The background of this new brake

is the perceived need for a brake that is something more than the standard "stone age" brake that comes with in-line skates available today. Nobody would accept a bicycle with a brake consisting of a piece of rubber that is supposed to be pressed against the gravel or asphalt. It is therefore no surprise that skating is not permitted everywhere, and that skaters need more protective clothing than people on bicycles. Many skaters with this type of brake feel helpless when they encounter a steep hill. Not unlike someone on raft approaching a waterfall. The ways they have had to deal with this problem in the past are history.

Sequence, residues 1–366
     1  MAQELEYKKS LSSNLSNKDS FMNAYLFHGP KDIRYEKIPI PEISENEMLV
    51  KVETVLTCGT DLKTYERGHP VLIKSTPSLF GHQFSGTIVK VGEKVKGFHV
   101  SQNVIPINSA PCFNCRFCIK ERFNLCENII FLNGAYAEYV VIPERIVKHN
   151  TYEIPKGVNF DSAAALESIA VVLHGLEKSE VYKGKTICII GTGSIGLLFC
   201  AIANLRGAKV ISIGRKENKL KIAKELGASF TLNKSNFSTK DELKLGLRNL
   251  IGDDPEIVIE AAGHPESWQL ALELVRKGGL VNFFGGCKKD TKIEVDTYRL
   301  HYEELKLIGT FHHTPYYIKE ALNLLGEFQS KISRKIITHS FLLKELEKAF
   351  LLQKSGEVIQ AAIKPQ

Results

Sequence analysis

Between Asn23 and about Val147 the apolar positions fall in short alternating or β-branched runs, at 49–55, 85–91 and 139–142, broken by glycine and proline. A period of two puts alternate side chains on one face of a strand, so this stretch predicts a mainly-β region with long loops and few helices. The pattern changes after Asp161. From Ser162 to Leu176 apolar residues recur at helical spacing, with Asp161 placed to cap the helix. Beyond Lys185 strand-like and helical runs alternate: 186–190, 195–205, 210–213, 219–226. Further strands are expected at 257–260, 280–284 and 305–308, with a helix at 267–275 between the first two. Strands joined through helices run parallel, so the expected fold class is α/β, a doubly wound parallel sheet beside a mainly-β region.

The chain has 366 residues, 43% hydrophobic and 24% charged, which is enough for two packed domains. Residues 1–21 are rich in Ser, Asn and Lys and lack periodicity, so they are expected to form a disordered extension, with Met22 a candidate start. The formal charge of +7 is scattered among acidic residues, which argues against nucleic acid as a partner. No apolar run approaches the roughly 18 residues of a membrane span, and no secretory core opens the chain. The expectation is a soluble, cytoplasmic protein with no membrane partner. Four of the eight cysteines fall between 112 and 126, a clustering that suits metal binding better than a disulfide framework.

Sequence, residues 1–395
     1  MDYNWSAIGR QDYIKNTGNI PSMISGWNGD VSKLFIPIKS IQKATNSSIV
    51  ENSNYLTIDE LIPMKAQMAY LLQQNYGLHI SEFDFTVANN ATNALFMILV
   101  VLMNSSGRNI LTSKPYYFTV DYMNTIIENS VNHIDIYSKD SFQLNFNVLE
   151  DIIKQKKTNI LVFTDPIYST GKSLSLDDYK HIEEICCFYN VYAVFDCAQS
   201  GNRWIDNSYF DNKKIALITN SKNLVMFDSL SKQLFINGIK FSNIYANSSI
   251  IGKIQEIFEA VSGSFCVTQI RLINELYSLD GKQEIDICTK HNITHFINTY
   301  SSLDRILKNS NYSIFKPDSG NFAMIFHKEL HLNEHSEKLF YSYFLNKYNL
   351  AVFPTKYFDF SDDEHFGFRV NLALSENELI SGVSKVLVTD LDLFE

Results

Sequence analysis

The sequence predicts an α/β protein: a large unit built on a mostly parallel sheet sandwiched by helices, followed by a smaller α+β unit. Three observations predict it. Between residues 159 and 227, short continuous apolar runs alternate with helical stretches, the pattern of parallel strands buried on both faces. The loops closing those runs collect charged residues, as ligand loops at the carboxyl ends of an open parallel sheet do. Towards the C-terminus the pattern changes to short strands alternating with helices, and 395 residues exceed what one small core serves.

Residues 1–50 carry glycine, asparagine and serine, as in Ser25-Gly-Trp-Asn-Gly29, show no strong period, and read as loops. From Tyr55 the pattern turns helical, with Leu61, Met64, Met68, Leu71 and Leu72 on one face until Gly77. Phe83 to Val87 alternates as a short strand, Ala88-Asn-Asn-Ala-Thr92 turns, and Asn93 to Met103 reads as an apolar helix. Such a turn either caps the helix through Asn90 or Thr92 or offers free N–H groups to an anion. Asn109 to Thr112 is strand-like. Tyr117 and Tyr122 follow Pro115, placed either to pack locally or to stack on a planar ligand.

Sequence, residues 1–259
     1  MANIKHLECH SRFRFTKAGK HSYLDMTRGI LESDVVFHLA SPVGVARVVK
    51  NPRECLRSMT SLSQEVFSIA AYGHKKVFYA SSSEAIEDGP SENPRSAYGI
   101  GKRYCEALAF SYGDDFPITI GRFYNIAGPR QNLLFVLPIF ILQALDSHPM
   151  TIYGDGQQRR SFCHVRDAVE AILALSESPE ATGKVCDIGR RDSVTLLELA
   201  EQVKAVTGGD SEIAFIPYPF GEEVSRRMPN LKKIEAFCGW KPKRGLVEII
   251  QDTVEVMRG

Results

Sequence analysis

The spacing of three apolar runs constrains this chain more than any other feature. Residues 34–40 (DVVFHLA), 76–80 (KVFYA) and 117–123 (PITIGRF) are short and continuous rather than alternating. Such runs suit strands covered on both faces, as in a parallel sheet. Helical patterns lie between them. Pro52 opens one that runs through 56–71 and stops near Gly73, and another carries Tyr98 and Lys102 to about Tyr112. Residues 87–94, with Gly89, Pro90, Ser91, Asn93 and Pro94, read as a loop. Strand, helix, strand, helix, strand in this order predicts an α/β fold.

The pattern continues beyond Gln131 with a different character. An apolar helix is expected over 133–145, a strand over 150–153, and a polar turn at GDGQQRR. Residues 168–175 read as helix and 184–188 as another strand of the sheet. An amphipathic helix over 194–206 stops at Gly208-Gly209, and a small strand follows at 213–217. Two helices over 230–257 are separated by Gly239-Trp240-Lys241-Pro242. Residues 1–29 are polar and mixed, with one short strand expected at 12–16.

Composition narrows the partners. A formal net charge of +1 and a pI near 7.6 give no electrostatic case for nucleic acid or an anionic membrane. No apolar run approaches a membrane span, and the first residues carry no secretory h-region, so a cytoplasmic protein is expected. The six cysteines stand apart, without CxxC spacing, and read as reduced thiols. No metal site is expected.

With this new brake skaters can enjoy going downhill with confidence, and can avoid accidents should unforeseen incidents occur. And no skater would, after having tried this brake, go back to the old brake. No one can argue that a system which brakes on two wheels is far superior to a piece of rubber pressed against the road. In addition to being a more effective brake this system allows the skater more control as the skate has two wheels on the ground during braking. The disc brake also contributes greater control when moving, as the braking power is easily adjusted by the angle of the foot and too much braking power will automatically lower the toe end of the skate and thus decrease the braking.